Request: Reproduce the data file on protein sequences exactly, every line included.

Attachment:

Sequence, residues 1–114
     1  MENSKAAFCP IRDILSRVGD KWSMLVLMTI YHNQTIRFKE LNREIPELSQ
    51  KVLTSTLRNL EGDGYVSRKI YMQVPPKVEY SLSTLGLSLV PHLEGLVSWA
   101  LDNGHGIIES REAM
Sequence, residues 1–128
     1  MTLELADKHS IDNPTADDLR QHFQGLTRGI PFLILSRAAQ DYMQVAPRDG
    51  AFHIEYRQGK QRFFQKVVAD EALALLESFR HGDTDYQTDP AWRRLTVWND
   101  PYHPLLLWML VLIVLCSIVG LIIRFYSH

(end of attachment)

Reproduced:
Sequence, residues 1–114
     1  MENSKAAFCP IRDILSRVGD KWSMLVLMTI YHNQTIRFKE LNREIPELSQ
    51  KVLTSTLRNL EGDGYVSRKI YMQVPPKVEY SLSTLGLSLV PHLEGLVSWA
   101  LDNGHGIIES REAM
Sequence, residues 1–128
     1  MTLELADKHS IDNPTADDLR QHFQGLTRGI PFLILSRAAQ DYMQVAPRDG
    51  AFHIEYRQGK QRFFQKVVAD EALALLESFR HGDTDYQTDP AWRRLTVWND
   101  PYHPLLLWML VLIVLCSIVG LIIRFYSH